Democratic and Republican national conventions highlight need for voting rights in US territories
At the Democratic National Convention, when the delegate counts for the party’s next presidential nominee were read out, the DNC touted its roll call as representing “all 57 states and US territories.” Next week, the Republican National Convention will do the same. The appearance of each territory and its representatives on the television screens of millions of Americans helps educate people across the United States that residents of US territories are fully engaged US citizens just like the residents of any state. But as the delegation from the Northern Mariana Islands noted, “we are American citizens … but we don’t get to vote for President.”
“While residents of territories fully participate in the nominating conventions for both parties, they remain unable to vote for President in November, when it matters most,” said Neil Weare, President and Founder of Equally American, which advocates for equality and the right to vote in US territories. “We are seeking to change that through a new voting rights lawsuit that will highlight discrimination against residents of the territories when it comes to the right to vote.”
Building on the national attention the territories are receiving at the party conventions, as well as the recent focus on territorial voting rights in Congress, Equally American is helping develop a new federal voting rights lawsuit that seeks to expand voting rights in US territories. This new case will build from Equally American’s prior efforts in Segovia v United States, which succeeded in raising the profile of voting rights issues in the territories, even as the US Court of Appeals for the Seventh Circuit ultimately did not rule in favor of plaintiffs. However, recent historic wins in United States v Vaello Madero, Pena Martinez v US Department of Health and Human Services, and Schaller v US Social Security Administration reflect an increasing openness by federal courts to take a stand for equal treatment in US territories.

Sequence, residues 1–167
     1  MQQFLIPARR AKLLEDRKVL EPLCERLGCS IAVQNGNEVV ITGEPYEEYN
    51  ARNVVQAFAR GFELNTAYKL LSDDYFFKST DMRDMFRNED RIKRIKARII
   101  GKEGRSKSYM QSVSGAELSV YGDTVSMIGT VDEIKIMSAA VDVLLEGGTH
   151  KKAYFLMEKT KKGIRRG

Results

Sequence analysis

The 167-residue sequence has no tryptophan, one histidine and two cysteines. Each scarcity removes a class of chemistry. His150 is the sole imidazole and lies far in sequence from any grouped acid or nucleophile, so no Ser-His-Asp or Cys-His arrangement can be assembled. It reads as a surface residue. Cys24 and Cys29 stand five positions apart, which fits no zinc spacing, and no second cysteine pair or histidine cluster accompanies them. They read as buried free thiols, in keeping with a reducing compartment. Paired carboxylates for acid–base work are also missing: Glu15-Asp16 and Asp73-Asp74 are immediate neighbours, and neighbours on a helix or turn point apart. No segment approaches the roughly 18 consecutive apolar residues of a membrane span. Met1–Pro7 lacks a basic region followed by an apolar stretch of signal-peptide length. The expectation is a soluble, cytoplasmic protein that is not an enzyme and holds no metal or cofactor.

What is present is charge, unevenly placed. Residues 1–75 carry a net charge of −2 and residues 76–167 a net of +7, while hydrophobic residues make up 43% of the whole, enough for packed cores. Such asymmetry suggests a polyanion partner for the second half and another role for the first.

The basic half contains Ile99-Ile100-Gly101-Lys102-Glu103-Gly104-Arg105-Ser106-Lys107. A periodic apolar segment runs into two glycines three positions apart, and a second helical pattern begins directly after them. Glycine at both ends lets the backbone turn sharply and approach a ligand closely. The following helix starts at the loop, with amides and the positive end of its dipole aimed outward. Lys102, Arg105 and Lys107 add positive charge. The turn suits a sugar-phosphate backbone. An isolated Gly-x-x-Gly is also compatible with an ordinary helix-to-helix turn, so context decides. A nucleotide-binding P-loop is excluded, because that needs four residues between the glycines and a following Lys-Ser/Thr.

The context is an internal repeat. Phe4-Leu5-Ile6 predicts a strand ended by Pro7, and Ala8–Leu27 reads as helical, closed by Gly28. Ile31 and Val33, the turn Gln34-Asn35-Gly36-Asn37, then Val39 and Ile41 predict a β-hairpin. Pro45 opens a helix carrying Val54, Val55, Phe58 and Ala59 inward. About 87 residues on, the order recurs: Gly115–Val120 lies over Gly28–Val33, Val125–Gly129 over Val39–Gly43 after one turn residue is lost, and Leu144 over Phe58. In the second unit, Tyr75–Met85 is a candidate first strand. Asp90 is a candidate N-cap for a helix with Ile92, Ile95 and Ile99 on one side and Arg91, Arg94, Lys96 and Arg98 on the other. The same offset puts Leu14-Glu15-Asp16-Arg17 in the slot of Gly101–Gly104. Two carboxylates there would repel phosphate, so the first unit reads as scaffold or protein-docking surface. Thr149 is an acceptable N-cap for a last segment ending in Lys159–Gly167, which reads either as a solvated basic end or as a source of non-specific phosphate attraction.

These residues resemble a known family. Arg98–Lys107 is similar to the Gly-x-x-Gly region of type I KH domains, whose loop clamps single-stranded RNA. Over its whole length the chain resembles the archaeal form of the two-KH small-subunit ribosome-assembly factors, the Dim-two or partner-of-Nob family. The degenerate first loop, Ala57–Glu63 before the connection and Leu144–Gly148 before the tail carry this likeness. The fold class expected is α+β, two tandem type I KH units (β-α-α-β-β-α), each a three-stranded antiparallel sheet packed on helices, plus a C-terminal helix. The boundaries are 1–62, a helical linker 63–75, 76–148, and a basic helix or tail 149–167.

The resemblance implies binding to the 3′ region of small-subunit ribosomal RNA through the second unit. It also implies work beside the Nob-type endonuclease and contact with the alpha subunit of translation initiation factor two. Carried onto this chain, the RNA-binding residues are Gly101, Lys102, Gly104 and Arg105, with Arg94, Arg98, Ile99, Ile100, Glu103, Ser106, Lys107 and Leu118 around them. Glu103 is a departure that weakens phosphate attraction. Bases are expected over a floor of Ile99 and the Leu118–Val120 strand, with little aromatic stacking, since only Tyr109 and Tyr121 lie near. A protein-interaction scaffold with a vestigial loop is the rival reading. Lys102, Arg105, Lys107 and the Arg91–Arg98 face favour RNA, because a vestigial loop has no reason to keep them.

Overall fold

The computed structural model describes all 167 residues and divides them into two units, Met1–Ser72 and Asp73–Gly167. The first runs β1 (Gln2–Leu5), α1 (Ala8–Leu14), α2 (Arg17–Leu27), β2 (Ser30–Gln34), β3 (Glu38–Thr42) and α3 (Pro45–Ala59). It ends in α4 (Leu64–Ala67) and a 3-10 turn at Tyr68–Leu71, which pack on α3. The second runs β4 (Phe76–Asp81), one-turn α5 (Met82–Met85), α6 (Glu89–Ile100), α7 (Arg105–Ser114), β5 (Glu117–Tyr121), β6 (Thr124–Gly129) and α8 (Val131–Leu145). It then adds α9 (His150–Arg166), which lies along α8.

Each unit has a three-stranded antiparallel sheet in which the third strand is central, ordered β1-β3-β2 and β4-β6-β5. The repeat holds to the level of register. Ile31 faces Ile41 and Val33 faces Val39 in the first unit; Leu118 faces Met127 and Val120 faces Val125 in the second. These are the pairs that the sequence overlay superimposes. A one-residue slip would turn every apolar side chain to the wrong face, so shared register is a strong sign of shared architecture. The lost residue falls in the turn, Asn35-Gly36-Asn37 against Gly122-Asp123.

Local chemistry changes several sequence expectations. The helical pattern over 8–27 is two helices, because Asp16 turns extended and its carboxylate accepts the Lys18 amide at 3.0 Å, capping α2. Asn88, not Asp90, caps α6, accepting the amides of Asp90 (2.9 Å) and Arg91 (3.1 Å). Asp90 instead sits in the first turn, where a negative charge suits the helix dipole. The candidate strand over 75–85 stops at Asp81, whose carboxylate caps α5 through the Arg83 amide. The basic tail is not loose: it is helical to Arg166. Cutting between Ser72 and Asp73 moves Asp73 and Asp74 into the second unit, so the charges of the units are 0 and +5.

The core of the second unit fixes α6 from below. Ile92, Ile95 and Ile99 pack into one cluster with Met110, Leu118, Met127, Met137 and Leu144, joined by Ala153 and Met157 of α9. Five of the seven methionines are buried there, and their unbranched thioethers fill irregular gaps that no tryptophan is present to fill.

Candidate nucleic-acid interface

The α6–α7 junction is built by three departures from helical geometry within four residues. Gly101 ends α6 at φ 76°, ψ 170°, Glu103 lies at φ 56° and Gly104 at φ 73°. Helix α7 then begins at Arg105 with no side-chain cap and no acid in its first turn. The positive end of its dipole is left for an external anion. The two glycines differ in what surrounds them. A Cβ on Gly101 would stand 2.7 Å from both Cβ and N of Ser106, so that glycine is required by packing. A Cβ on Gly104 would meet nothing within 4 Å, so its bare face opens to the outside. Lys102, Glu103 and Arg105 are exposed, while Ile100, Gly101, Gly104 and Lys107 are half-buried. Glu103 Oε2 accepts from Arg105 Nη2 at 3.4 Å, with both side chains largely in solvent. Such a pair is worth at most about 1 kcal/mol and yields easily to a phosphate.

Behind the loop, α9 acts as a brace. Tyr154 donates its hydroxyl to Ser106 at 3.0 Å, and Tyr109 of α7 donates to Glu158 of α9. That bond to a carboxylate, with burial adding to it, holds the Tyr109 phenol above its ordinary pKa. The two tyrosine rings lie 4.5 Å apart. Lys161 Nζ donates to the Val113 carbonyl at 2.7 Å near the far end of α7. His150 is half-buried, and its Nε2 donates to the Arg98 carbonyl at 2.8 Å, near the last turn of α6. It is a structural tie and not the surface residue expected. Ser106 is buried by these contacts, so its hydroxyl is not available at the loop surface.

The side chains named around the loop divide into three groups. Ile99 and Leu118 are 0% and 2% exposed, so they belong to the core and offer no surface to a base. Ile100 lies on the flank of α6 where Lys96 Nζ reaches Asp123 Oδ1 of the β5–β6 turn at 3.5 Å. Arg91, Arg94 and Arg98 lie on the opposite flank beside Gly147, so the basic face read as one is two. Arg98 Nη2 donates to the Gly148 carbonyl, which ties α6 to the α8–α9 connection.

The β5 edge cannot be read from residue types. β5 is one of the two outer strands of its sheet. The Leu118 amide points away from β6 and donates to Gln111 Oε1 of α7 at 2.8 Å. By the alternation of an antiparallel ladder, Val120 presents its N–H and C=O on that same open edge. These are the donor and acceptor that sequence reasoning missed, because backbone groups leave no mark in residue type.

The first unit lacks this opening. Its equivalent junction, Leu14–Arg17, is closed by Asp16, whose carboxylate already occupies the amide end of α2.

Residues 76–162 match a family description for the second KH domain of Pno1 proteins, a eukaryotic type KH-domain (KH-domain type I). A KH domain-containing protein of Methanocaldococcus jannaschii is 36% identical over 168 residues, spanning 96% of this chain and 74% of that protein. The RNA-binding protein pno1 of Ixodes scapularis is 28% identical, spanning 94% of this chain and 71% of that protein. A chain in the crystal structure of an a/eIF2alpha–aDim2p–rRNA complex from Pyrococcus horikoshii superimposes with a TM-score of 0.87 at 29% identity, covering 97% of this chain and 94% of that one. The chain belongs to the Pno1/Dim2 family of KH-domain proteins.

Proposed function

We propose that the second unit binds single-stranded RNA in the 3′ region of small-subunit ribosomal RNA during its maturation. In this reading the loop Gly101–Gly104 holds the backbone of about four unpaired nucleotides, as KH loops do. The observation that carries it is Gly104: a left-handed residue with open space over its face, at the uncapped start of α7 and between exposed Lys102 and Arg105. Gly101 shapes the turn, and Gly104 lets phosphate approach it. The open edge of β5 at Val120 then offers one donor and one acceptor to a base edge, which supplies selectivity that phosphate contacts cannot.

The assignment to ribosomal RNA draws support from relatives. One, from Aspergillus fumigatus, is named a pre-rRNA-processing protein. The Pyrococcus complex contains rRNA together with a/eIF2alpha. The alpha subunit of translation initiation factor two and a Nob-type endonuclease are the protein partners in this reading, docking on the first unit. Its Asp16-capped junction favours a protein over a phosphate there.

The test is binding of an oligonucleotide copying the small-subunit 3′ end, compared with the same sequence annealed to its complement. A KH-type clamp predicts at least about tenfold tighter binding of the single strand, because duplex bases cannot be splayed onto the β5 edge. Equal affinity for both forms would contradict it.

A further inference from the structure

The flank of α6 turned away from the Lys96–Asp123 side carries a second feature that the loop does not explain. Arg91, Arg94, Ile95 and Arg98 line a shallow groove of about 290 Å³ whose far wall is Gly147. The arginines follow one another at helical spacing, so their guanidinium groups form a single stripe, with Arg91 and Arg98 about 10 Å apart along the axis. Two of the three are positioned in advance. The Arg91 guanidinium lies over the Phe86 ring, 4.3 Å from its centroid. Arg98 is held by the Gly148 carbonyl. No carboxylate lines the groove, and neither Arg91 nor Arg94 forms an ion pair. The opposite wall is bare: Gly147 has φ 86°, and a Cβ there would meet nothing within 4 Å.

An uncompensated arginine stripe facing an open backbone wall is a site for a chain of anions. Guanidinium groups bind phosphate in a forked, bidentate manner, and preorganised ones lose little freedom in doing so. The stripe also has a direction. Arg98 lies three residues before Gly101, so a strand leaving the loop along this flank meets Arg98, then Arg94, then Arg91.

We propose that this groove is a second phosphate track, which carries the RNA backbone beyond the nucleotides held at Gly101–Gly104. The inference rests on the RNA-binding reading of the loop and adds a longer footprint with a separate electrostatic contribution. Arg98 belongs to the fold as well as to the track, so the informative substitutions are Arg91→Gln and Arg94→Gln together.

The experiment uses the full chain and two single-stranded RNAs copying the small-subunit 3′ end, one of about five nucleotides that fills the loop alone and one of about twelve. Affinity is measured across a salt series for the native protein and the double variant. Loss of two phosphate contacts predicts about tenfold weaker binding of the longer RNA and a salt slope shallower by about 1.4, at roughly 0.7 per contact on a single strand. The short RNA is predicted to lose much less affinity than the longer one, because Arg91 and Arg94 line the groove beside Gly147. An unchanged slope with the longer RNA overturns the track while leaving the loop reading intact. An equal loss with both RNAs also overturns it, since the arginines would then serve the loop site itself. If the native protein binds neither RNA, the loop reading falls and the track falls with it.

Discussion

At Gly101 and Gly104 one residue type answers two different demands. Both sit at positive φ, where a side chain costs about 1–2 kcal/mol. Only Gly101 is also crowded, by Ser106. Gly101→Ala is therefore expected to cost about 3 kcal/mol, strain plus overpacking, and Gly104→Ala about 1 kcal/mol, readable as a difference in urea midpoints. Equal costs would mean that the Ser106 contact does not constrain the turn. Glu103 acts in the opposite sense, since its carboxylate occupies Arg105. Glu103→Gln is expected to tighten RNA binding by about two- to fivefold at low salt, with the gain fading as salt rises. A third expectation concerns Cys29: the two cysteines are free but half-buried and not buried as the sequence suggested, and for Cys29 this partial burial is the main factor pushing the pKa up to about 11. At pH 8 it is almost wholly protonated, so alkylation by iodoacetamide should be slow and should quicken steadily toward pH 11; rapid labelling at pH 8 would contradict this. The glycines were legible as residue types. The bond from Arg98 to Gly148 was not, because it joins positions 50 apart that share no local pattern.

The new federal lawsuit will be filed on behalf of current residents of US territories who previously were residents of Hawaii. As Equally American develops the case, it is reaching out to connect with residents of the territories who would like to be able to vote for President and are former residents of Hawaii. The focus on Hawaii is based on certain jurisdictional requirements associated with the new lawsuit. Others are also encouraged to share their stories about what it means to them to be denied the right to vote for President and voting representation in Congress.
Those who are interested in sharing their stories – especially those who are former residents of Hawaii – are encouraged to take Equally American’s Right to Vote Survey.
“The right to vote should not depend on your Zip Code or where you happen to live,” Weare added. “Please take our Right to Vote Survey to share why you want to be able to vote for President in November, not just during the party primaries.”